Mental health was defining issue of the 2017 OUSA elections, with every presidential candidate promising better funding and support.
Unity 2018’s Mission Statement included a promise to “ensure best health” by partnering with the university to establish a ‘Wellness Centre’, which would be “a one-stop shop for mental and physical wellbeing initiatives”. Caitlin Barlow-Groome and Alex McKirdy both praised the Silverline initiative. Angus Wilson said that “It’s not OUSA’s job to be providing mental health services. It should be the university. It’s a student union’s job to hold them to account and to hold them to a certain level of quality, because it’s getting worse and it’s something we as a student body have to do something about.” Monique Mulholland put mental health and sexual violence at the forefront of her campaign, and repeatedly attacked a Student Health policy, which she said, “gives you six counselling sessions and then you’re totally cut off”. Counselling being cut off at six sessions was also labelled as a problem by several other candidates throughout the campaign.
Richard Mooney, Clinical Group Leader for Mental Health and Wellbeing at Student Health Services (SHS) confirmed the policy, but said that some candidates may have misrepresented it.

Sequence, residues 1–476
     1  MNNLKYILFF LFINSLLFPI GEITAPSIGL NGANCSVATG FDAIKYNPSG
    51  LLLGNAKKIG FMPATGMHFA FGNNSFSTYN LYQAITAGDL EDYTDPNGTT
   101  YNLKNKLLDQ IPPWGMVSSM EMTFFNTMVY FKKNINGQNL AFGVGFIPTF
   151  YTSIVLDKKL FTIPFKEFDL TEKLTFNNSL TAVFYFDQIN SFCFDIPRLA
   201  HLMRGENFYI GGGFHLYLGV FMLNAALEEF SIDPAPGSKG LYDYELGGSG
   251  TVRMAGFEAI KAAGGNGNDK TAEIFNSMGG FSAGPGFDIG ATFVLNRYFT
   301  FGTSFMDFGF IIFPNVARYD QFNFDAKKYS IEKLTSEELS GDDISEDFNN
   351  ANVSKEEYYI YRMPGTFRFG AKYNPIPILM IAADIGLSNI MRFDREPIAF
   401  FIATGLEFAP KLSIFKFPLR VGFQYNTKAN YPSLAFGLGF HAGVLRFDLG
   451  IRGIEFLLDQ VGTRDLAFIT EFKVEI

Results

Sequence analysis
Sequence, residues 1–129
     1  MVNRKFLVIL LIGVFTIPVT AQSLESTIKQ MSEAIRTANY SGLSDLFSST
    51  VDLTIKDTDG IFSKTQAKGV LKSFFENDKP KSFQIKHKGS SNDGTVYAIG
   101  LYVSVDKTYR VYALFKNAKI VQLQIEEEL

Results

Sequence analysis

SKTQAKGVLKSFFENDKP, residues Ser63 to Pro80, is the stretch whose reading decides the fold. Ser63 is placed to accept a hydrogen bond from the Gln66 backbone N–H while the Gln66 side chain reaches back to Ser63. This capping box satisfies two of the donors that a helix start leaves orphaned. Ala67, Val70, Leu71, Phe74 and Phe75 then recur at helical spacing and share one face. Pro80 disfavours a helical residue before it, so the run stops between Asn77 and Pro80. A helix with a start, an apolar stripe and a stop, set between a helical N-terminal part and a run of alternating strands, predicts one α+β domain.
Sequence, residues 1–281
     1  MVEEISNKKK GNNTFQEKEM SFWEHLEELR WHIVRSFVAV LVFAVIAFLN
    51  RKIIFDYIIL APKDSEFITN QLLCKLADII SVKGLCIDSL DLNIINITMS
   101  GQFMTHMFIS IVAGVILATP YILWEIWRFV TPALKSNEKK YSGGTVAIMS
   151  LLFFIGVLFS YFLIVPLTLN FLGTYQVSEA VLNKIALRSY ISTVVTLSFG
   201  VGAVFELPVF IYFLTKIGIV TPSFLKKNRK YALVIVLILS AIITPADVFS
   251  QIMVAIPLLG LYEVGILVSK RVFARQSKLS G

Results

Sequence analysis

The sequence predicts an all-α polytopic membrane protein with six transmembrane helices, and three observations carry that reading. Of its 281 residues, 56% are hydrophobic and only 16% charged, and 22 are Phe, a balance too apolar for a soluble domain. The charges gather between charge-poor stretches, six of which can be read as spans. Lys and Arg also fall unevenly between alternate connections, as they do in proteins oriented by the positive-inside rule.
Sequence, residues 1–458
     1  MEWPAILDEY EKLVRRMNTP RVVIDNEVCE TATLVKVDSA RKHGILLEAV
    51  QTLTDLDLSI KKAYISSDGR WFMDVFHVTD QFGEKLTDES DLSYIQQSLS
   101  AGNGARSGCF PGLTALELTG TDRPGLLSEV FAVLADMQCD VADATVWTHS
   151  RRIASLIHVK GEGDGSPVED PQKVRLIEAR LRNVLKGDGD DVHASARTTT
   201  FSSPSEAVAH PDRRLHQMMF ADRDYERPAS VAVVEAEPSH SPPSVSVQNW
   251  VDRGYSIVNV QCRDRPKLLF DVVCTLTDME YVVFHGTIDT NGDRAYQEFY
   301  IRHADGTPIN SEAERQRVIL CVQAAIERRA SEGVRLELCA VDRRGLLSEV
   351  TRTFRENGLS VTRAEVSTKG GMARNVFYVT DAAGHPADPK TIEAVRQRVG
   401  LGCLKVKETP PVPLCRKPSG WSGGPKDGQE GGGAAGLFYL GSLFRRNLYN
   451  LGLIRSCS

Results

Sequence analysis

“We do work on a six sessional basis with our counselling appointments at SHS. The reason for this is largely around equity of access for students. Given the numbers of students trying to access the University of Otago’s Student Health Counselling Service, we felt that a limited number of sessions was the only way to ensure equal availability for all students wishing to attend counselling. Often two to three sessions are enough.”
However, he insisted that “It would not be correct to say we ‘cut students off’ after six sessions”. He says that “as a rule of thumb it is six counselling sessions per year,” but that students can book for a same day appointment as required regardless of how many previous sessions they had had that year.
Student Health also have a process which gives counsellors the discretion to extend beyond six sessions, “If it looks as though a brief extension beyond six sessions will be sufficient to meet the student’s needs, we make a decision from there about additional sessions, how many etc. If it is apparent the student will need long term therapy, then we look at external referral and we will work with the student to find an appropriate service to meet their needs.”